The Messi Effect: New Miami star brings big business to MLS

Inter Miami CF, saddled with a regular-season winning percentage just above 41% four years into their existence, have never been more popular. Such is Messi Mania — the transfer saga, the belabored unveiling, the Leagues Cup debut and his dominance-in-progress — seemingly destined to divide league history into pre-and-post “Pulga” as Miami surrounds the seven-time Ballon d’Or winner with fellow former Barcelona tiki-taka alumni.

“The future of soccer in America is so bright,” Inter Miami co-owner David Beckham said in an Adidas news conference on the eve of Lionel Messi’s debut with the MLS club. “I’ve seen the growth of it over the last 10, 15 years … Bringing someone like [Messi] not just to Inter Miami, but to MLS, to America, it means so much. You have the eyes of not just Latina America, but the world on Miami.”

When the news broke that soccer’s all-time greatest talent would be taking his talents to South Beach — after almost four years of courtship — Inter Miami’s global popularity, as far as Google searches go, increased by more than 1,200%.

“When Lionel Messi announced his move to Inter Miami,” said Gene Cook, vice president of global collectibles at eBay, “searches for his collectibles — spanning trading cards and memorabilia — increased over 75% the following day on eBay … globally.”

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Ticket prices on the secondary market for Messi’s first Miami matches catapulted more than 1,000%. On July 20, the eve of Messi’s debut, the average ticket price for the Leagues Cup match against Liga MX’s Cruz Azul was $712, according to TicketSmarter. According to Vivid Seats, the average ticket price for the Cruz Azul game increased 205% from June 4 to June 7, when he announced his decision to join the Herons, rising from $122 to $373.

From digital sports platform and MLS e-commerce partner Fanatics, since the news of Messi coming to Inter Miami broke, more team merchandise has been sold than the previous entirety of 2023 combined. In the same timeframe, Inter Miami have been Fanatics’ top-selling MLS club, selling 50% more merchandise than their closest rival.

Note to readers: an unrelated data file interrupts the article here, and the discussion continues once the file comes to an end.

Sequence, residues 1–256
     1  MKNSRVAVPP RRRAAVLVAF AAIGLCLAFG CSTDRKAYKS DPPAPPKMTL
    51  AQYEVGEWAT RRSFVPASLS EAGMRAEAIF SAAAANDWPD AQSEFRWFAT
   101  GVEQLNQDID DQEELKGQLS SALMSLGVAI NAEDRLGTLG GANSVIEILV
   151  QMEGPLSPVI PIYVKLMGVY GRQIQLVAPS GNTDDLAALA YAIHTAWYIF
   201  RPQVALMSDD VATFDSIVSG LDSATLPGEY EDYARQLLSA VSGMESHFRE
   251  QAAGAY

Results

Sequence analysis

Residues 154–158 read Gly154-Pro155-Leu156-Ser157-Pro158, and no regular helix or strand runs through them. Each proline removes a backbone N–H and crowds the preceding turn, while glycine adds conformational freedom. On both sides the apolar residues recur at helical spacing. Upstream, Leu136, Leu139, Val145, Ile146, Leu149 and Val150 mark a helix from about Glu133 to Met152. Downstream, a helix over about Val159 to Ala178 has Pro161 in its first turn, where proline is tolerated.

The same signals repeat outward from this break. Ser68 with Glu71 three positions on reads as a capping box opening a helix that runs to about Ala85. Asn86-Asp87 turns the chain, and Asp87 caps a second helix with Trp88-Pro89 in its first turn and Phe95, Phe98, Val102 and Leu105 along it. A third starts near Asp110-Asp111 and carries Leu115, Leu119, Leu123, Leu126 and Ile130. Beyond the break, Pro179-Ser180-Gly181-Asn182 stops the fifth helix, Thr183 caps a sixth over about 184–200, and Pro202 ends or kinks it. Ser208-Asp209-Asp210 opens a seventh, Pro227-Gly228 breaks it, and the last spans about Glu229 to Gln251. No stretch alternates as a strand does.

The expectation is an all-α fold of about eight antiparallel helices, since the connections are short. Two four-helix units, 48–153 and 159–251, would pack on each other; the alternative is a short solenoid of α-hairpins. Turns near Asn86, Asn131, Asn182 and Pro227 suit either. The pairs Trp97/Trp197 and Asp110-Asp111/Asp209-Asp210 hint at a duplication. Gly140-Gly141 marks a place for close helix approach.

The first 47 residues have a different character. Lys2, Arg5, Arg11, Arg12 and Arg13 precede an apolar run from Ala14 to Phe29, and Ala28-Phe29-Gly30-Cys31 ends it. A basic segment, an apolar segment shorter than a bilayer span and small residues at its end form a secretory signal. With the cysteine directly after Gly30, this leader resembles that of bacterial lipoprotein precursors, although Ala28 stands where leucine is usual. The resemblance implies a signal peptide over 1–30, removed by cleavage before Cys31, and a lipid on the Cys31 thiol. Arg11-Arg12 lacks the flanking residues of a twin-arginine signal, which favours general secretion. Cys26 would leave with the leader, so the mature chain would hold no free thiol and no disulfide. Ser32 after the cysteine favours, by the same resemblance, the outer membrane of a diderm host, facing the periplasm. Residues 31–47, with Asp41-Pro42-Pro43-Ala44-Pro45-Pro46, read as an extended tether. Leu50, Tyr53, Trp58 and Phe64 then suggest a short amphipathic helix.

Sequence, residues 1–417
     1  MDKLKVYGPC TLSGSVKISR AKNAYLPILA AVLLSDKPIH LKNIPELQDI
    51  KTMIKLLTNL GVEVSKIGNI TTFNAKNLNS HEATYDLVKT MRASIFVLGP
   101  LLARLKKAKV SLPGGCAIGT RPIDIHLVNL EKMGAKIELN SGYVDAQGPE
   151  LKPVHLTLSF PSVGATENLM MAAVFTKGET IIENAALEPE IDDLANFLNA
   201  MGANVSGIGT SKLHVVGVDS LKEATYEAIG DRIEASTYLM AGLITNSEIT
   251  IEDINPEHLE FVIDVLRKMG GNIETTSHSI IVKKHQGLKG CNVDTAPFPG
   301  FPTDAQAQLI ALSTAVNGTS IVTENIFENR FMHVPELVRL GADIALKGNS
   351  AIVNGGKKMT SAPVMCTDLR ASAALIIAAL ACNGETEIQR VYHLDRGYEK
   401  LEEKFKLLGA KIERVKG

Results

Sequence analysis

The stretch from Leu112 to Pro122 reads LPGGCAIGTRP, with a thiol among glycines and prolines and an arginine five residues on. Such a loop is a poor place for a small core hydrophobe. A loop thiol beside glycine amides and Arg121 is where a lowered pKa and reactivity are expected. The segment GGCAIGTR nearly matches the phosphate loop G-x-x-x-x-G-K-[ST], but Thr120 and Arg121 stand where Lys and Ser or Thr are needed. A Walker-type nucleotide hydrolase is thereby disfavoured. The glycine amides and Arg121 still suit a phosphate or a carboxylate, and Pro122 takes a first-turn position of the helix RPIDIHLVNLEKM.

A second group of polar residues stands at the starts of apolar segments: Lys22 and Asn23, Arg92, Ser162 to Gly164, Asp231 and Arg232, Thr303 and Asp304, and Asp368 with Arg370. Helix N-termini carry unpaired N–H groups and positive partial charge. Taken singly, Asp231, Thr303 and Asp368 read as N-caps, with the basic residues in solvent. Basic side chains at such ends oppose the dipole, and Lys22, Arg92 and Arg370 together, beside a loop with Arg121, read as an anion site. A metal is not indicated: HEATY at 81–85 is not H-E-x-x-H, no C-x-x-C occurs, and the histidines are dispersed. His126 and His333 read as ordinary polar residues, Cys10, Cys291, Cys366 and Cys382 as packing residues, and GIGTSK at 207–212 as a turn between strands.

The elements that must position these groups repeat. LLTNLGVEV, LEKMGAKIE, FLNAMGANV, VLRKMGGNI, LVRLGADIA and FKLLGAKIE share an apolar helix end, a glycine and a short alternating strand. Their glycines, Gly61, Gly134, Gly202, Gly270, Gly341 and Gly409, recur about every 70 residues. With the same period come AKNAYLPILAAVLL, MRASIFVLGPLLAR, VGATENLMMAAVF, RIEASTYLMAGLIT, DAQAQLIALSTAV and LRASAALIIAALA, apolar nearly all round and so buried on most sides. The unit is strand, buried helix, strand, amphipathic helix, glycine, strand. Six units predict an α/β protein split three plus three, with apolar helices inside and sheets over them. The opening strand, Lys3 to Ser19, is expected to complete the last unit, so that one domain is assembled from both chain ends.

The first 24 hours of Messi jersey sales, confirmed by Fanatics, were the best 24 hours of any player changing teams across all sports, edging out Cristiano Ronaldo joining Manchester United in 2021, Tom Brady joining the Tampa Bay Buccaneers in 2020 and LeBron James joining the Los Angeles Lakers in 2018.

From July 17 to July 20, Inter Miami were Fanatics’ top-selling team across all sports. “That is unheard of for an MLS team,” said a source from Fanatics. The day following the Messi news, Inter Miami merchandise sales spiked 50 times the previous pre-Messi day.

Inter Miami’s managing owner Jorge Mas confirmed on CNBC’s “Halftime Report” on July 18 that Messi jerseys were sold out. Adidas’ president of North America, Rupert Campbell, told reporters during the aforementioned news conference: “Jerseys are selling out at stores in minutes … which is why we’ve opened a pop-up store in the center of Miami.”

Tor Southard, senior director of Adidas soccer, added, “Every single fan who wants a jersey” — the pink The Heart Beat authentic iteration jersey runs fans $194.99, complete with “Messi 10” printing, before tax and shipping at the MLS store — “should be able to get a jersey, whether it’s online or at one of our stores. As the jerseys come in, we’re shipping them [right] out to fans.”

MLS’s official online store warns buyers that their Messi kits may not arrive until October.

Online retailer also recently told CNN they’d sold half a year’s worth of “Messi 10”-printed Inter Miami jerseys in just one day.

Mas told CNBC that he expects Messi’s arrival to double Inter Miami’s revenue, which according to Forbes was $56 million in 2022, and value, currently around $600 million. Mas has reason to be optimistic: The Sports Business Journal reported this week that Apple TV boasted roughly 700,000 MLS Season Pass subscribers in early June, which rose to nearly a million by Messi’s debut vs. Cruz Azul.

“There’s a huge amount of change [in MLS] over the years,” said Beckham. “I remember turning up in 2007, there was about 15 teams in the league; now there’s 30. There’s soccer-specific stadiums for almost every MLS team. The level of the game has definitely changed — Leo is actually coming into a perfect situation.”

Even in the sports card world, Messi’s arrival had fans opening their wallets: With collectibles marketplace Goldin, less than a week after the announcement, a PSA gem-mint 10 of a 2004-05 Panini Sports Megacracks Lionel Messi rookie card sold for more than $266,000.

Even at 36 — with a dozen league titles, four UEFA Champions League crowns, and World Cup and Copa America trophies for Argentina — for a man who’s won everything there is to win in global football and then some, there are still new and lucrative frontiers to conquer.

It’s still Messi’s world. We’re just living in it.

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